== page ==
IS claims responsibility for London attack
The Islamic State (IS) group claimed responsibility Thursday for an attack by a man who plowed an SUV into pedestrians on one of London's famous bridges and then stabbed a police officer to death at Britain's Parliament. In a sombre but defiant statement, Britain's prime minister declared that "we are not afraid."
In a sweeping speech before the House of Commons, British Prime Minister Theresa May said the man who killed three people Wednesday before being shot to death by police was born in Britain and once came under investigation for links to religious extremism.
British officials named the attacker as Khalid Masood, a 52-year-old with criminal convictions who was living in the West Midlands, which includes the central city of Birmingham.
Police raided properties in London and Birmingham, and made eight arrests.
A Utah man visiting London with his wife for their 25th anniversary and a British woman who was a school administrator were killed by the SUV attack on Westminster Bridge and 29 others were hospitalised, seven critically. Others were injured and treated at the scene.
May set an unyielding tone Thursday, saluting the heroism of police as well as the ordinary actions of everyone in the British capital who went about their lives in the aftermath.
"As I speak, millions will be boarding trains and aeroplanes to travel to London, and to see for themselves the greatest city on Earth," she told the House of Commons. "It is in these actions — millions of acts of normality — that we find the best response to terrorism. A response that denies our enemies their victory, that refuses to let them win, that shows we will never give in."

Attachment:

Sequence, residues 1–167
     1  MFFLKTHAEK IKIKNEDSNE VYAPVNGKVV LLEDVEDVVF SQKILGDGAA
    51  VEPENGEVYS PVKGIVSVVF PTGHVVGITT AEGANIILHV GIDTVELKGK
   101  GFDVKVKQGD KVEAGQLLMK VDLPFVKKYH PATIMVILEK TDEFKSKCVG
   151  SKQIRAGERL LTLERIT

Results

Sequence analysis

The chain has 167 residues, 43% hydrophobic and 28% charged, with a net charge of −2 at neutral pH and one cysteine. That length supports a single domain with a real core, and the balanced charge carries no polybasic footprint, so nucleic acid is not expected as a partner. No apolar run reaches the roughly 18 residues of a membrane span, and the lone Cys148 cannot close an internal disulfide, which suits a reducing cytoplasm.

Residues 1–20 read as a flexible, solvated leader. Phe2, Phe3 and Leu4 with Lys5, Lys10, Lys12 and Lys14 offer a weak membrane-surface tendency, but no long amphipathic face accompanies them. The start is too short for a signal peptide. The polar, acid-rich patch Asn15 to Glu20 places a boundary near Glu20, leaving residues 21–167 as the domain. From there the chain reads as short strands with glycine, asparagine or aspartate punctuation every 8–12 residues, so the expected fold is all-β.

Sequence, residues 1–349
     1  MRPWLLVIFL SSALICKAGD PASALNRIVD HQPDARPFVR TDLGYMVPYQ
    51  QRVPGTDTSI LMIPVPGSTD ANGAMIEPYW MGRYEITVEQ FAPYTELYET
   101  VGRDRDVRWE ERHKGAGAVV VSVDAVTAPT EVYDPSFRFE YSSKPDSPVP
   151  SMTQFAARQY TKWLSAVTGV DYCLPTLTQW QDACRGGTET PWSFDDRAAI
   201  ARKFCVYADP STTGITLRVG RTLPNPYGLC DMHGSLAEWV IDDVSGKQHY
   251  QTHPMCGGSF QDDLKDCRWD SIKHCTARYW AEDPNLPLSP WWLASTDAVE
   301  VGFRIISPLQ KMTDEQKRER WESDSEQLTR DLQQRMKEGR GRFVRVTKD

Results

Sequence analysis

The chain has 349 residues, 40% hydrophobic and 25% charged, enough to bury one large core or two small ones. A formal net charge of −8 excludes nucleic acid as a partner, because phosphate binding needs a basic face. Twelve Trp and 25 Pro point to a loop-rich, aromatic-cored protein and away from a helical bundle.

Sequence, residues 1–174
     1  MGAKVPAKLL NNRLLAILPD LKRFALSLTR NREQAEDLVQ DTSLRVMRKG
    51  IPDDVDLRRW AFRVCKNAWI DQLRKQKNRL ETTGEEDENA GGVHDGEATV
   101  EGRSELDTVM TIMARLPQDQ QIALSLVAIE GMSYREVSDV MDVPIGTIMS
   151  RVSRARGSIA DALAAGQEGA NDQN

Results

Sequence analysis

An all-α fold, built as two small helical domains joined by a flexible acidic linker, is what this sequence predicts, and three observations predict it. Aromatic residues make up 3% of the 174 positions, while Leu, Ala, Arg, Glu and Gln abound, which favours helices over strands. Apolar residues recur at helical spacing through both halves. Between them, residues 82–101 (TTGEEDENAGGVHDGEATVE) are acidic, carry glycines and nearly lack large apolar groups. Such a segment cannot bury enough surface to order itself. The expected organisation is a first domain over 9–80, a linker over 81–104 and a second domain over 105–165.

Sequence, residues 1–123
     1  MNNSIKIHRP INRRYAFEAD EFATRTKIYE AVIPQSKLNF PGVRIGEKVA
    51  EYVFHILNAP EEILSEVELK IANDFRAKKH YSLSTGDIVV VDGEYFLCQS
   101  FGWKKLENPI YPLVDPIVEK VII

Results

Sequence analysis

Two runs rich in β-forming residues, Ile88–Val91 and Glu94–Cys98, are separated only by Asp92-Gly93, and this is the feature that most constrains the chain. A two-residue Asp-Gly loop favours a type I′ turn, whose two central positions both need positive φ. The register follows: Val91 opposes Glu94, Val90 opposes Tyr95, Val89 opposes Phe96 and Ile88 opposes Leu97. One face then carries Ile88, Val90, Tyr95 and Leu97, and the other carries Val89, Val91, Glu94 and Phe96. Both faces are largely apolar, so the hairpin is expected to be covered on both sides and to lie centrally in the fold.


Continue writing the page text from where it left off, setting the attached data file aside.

Parliament held a moment of silence Thursday morning to honour the slain officer, Keith Palmer, a 15-year veteran of the Metropolitan Police and a former soldier, as well as the other victims. Then Parliament, which was locked down after the attack, returned to business — a counter to those who had attacked British democracy.
In the 1,000-year-old Westminster Hall, the oldest part of Parliament's buildings, politicians, journalists and parliamentary staff lined up to sign a book of condolences for the victims. Among them was a uniformed policeman, who wrote: "Keith, my friend, will miss you."
The rampage was the first deadly incident at Parliament since 1979, when Conservative lawmaker Airey Neave was killed in a car bombing by Irish militants.